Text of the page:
Automating the Sample Programs Wiki

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If you’ve been around at all recently, you’ve probably noticed how much I talk about my current project: Sample Programs in Every Language. Well, today isn’t any different because we just began automating the Sample Programs Wiki.

Table of Contents

The Sample Programs Wiki

If you’ve explored the Sample Programs repository, you may have stumbled upon its wiki. If not, the wiki is basically the repository’s documentation. Of course, it’s much more than that. It’s a tool for language exploration and data analytics.

Since starting this project, I’ve gotten a lot of community support. In fact, the project currently has 54 stars and 23 forks which I think is amazing. On top of that, one of the project’s biggest contributors, Alcha, is the reason that the wiki exists.

After all, Alcha came up with the idea of using the wiki to help deal with some of my content management concerns. Since then, they built up most of the wiki you see today by hand. Don’t believe me? Check the revision history!

Once I saw the finished version, I knew I wanted more. For instance, I’m interested in seeing all the languages in the repository organized by year of release. Unfortunately, this creates a situation where we have duplicate data floating around which isn’t ideal.

As a result, I took it upon myself to automate the wiki building before even knowing if it was possible. In a future article, I’ll break down how I automated the wiki exactly. In the meantime, I’ll give a brief overview.

How the Automation Works

In general, the automation works in two parts:

  • A Python Script
  • A Travis CI Build

As you can probably imagine, the python script sits alongside the Sample Programs repository and analyzes the collection directly. In other words, we can use the directory structure as a clue when building up the various wiki pages.

At a high level, the Python script reads in all kinds of data like language names, number of scripts, and size of scripts. With that data, the script then generates a set of wiki files in markdown. If you’re interested in that script, it’s called generate-wiki.py.

Unfortunately, the Python script alone isn’t really automation. While it does build the wiki pages, I would still have to push those files to the wiki. That’s where the Travis CI build comes in.

At a high level, the Travis CI builds works by triggering a build every time a commit to master is made. During the build, the Python script is executed. Once we have our wiki files, we clone the wiki, update the necessary wiki files, and push the changes.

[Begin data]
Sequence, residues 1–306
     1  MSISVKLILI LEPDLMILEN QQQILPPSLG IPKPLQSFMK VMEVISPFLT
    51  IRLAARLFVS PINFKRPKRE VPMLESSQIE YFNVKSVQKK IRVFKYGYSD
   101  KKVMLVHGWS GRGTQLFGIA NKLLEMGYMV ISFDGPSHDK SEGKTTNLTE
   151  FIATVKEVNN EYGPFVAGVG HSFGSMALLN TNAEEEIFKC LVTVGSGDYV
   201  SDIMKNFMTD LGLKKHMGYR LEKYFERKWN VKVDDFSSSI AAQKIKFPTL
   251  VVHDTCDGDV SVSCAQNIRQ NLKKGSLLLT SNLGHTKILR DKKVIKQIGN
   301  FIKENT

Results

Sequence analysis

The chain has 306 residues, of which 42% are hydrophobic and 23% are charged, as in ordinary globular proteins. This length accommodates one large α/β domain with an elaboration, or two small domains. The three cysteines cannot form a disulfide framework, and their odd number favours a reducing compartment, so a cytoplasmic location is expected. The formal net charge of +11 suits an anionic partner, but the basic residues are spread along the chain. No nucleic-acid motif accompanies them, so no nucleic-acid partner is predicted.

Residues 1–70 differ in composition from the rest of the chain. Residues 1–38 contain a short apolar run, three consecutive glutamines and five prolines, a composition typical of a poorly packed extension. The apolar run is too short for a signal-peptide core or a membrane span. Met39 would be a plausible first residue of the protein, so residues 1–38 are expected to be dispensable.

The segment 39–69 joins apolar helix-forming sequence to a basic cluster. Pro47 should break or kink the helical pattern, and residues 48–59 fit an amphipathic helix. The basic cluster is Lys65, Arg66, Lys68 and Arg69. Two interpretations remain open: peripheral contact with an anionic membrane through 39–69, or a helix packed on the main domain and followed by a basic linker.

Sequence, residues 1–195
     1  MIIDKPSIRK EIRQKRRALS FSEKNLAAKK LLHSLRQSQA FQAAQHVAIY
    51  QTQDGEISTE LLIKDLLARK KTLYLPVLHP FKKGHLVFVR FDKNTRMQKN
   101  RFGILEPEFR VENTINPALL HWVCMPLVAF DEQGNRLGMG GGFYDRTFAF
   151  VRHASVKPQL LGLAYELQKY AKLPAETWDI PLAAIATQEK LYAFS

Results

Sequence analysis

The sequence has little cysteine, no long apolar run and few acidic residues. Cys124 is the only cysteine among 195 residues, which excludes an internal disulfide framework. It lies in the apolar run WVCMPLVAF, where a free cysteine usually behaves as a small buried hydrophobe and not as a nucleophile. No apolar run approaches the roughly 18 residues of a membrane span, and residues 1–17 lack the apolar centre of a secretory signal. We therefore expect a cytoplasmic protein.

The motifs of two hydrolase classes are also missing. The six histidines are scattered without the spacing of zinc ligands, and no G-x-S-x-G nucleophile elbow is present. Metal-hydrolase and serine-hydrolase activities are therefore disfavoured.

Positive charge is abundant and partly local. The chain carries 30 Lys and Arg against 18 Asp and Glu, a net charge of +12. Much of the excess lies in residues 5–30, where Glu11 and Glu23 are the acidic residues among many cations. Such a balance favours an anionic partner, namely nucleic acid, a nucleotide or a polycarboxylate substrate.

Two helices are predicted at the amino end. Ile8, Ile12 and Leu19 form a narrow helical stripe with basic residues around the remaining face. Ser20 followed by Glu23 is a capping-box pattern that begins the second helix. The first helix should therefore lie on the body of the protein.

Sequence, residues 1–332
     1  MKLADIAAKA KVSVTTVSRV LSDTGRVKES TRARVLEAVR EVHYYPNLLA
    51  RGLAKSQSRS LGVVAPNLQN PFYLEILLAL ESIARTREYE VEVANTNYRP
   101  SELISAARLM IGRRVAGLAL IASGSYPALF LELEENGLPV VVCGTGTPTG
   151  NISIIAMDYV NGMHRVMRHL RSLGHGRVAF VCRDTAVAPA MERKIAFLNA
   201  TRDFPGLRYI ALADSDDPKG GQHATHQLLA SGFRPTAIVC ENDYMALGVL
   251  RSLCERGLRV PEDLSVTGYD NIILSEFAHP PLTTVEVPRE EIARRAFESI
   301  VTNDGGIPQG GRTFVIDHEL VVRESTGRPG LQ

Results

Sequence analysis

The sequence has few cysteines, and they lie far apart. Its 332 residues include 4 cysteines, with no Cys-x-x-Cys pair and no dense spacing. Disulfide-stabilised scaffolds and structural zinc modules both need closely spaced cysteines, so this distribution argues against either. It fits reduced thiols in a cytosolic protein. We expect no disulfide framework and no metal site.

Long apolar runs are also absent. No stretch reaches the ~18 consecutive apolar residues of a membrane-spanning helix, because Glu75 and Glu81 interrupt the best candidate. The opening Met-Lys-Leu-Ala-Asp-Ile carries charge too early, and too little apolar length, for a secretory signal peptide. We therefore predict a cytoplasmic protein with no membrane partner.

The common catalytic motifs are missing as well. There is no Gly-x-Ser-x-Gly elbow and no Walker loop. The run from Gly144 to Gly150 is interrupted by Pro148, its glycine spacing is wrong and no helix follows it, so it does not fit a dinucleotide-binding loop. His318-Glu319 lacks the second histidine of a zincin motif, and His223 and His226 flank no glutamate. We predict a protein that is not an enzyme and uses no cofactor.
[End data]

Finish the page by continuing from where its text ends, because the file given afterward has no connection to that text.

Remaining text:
Obviously, all of this was easier said than done. The Python script alone took me a few days as did the Travis CI build. Overall, I spent probably 4-5 days on the project, and now we have a fully automated wiki.

Future Options

As of right now, I’m very happy with the automation. Of course, there are a few kinks. In particular, I’m not able to easily access GitHub information which I would like to use to populate some of the wiki pages. In addition, it may be easier to generate a dynamic documentation in some other way.

As a result, we’re looking at potentially changing the way we handle our documentation in the future. In fact, we already have a few ideas:

  • Leverage GitHub Pages
  • Build a Probot

From what I understand, we could use GitHub pages instead of the wiki to handle some of our dynamic information. For instance, we could create tables that could be sorted by different kinds of information. In other words, I could get my alphabetical table and my chronological table in one go.

As another option, we’re considering making a Probot which is essentially a bot with repository privileges. In other words, we could develop a Probot which could do exactly what I’ve setup already. In all likelihood, Probots probably make it easier to do everything I did, and I’m sure it would be easier to maintain.

At any rate, thanks for sticking around. If any of this sounds interesting, consider forking the repository. We love the help! While you’re here, why not subscribe to The Renegade Coder? That way, you can give feedback below.

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Jeremy Grifski
Jeremy grew up in a small town where he enjoyed playing soccer and video games, practicing taekwondo, and trading Pokémon cards. Once out of the nest, he pursued a Bachelors in Computer Engineering with a minor in Game Design. After college, he spent about two years writing software for a major engineering company. Today, he pursues a PhD in Computer Science in order to ultimately land a teaching gig. In his spare time, Jeremy enjoys spending time with his wife, playing Overwatch, practicing trombone, watching Penguins hockey, and traveling the world.

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